Titus 2:3 The aged women likewise, that they be in behaviour as becometh holiness, not false accusers, not given to much wine, teachers of good things; that they may teach the younger women to be sober, to love their husbands, to love their children, to be discreet, chaste, keepers at home, good, obedient to their own husbands, that the Word of God be not blasphemed.

Monday, October 11, 2010

M.O.M.’s Mailbox- Teaching children to talk in turn

600-01717958n Question: Hello! :) I was just cleaning out a notebook and came across my notes from a conversation we had two years ago and I was so encouraged again just from reading the notes! :) Wish I could glean from your knowledge again sometime! :) Hey, I do have one question I bet you could answer without much thought- I have become aware of the fact that I have let my children interrupt and all talk at the same time and I just try to have a million conversations at once. They don't mean harm, they just haven't been trained to listen to see if someone else is talking before talking to me or even to each other. Especially at the dinner table. What are some practical ways you can train them to not interrupt?

Answer: What a great, practical question! A common statement I will make when my children begin to talk all at the same time is, “I might have two ears but I only have one mind to process it. Please take your turns so mommy can give you all her attention.”  We have discussed with the children to listen for others to be talking before they enter a room and they just start talking. We see it as an issue of esteeming others when you do this.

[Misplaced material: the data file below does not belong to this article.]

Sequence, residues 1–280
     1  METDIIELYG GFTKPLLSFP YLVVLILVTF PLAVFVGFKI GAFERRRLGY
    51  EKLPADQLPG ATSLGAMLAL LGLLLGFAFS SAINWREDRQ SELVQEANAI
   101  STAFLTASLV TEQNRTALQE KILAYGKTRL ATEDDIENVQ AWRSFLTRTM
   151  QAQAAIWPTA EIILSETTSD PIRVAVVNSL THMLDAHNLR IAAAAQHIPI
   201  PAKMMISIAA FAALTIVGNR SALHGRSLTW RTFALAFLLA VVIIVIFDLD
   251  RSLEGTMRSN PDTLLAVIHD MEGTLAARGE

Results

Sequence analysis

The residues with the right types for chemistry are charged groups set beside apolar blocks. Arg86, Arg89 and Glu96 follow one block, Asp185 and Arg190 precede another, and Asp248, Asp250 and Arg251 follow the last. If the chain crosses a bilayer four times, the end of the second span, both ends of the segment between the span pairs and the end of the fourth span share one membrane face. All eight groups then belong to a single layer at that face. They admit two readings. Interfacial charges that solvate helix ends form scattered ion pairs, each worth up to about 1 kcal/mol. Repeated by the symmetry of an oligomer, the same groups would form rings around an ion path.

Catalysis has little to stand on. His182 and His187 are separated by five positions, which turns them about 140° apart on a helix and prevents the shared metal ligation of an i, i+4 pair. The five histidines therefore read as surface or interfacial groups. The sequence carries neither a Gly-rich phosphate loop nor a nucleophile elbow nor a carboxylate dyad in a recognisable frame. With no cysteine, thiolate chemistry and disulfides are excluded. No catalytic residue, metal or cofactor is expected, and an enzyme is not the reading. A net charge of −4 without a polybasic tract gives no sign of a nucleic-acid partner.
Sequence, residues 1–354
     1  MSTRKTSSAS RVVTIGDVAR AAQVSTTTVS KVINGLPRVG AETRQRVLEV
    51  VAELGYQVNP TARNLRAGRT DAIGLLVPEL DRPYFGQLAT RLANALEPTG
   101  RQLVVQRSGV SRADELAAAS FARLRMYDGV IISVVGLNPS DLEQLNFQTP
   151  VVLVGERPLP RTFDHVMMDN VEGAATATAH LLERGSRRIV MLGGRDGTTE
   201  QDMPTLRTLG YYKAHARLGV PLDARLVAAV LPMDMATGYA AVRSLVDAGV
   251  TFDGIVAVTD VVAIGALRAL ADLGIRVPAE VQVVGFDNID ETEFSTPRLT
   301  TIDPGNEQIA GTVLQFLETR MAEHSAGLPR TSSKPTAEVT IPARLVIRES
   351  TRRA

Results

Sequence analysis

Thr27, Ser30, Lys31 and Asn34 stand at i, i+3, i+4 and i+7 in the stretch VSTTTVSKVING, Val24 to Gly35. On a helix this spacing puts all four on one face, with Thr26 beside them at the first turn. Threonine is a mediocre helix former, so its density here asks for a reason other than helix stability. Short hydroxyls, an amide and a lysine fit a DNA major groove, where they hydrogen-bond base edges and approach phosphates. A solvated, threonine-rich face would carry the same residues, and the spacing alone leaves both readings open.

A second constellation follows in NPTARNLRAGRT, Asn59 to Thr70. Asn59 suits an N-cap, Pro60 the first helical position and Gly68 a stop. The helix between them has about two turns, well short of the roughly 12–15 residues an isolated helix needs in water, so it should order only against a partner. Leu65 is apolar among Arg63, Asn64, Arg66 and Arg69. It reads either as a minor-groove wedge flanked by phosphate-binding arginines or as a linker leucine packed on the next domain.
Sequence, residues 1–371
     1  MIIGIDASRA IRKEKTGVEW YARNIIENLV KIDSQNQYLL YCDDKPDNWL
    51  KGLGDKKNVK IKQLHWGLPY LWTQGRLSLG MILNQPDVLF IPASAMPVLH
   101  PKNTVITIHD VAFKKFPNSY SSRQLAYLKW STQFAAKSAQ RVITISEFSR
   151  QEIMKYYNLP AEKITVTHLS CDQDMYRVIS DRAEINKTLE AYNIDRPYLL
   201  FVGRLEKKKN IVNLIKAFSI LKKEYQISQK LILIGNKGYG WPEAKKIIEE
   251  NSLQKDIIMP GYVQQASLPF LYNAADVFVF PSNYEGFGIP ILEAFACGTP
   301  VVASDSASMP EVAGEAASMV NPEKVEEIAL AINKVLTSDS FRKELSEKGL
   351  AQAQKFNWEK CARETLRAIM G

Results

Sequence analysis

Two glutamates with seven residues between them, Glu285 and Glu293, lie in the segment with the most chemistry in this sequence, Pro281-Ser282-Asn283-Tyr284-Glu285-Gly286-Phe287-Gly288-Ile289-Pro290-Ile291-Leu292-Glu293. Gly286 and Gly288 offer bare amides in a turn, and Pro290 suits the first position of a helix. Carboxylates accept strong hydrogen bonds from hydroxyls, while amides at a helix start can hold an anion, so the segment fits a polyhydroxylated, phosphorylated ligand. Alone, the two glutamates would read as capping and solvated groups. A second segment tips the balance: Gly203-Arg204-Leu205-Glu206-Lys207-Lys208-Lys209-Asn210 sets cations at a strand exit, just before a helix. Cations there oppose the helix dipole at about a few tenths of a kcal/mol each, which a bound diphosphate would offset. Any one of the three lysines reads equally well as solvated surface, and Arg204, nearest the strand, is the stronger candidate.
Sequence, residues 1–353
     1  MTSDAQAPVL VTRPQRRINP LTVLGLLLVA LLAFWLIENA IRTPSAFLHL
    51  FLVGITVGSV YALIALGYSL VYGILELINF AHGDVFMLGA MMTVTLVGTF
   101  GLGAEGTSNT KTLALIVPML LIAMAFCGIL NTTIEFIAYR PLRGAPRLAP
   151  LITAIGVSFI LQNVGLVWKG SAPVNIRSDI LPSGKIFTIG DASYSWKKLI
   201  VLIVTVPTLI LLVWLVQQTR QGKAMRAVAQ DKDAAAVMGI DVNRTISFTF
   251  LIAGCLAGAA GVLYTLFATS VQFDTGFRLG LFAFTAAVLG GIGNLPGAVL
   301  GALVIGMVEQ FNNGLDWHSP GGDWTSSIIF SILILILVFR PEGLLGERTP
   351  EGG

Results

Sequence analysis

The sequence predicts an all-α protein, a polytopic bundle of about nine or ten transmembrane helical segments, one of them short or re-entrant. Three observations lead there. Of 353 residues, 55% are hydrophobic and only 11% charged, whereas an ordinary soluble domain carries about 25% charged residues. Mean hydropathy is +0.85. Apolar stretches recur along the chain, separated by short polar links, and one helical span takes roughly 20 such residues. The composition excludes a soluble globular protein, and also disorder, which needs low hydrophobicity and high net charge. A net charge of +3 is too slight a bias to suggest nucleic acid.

I have taught the children not to ask me questions while I am on the phone or talking with someone by simply telling them that my answer will always be “no”. Since whatever they have to ask me is important to them and they would like me to be agreeable they remember real quick to wait patiently so that they might hear “yes” instead.

When children walk away or answer me when I am still speaking (thinking they already know what I am going to say) I remind them of the Proverbs that says it is a fool that answers before the person is done speaking.

When the children were little, we use to have them take turns at the table to share what was important to them. We stressed that everyone else was to listen and wait for their turn. They could ask the “speaker” questions but they couldn’t take over the conversation. Some of the children are real chatter boxes others needed daddy and mommy to ask them questions about their day, their favorite colors, favorite thing that happened that day and so forth.

So… to answer your question I guess I would just have to say that we talk about it and address it, give verbal encouragement and try to help them yet, our house is also full of life and sometimes it just hits a level of excitement where everyone has something to say at the same time. In those moments I just smile and think, “Someday I’ll miss this!”

Have a wonderful week with your babies! You are blessed!!!

With much love,
Mrs. Joseph Wood

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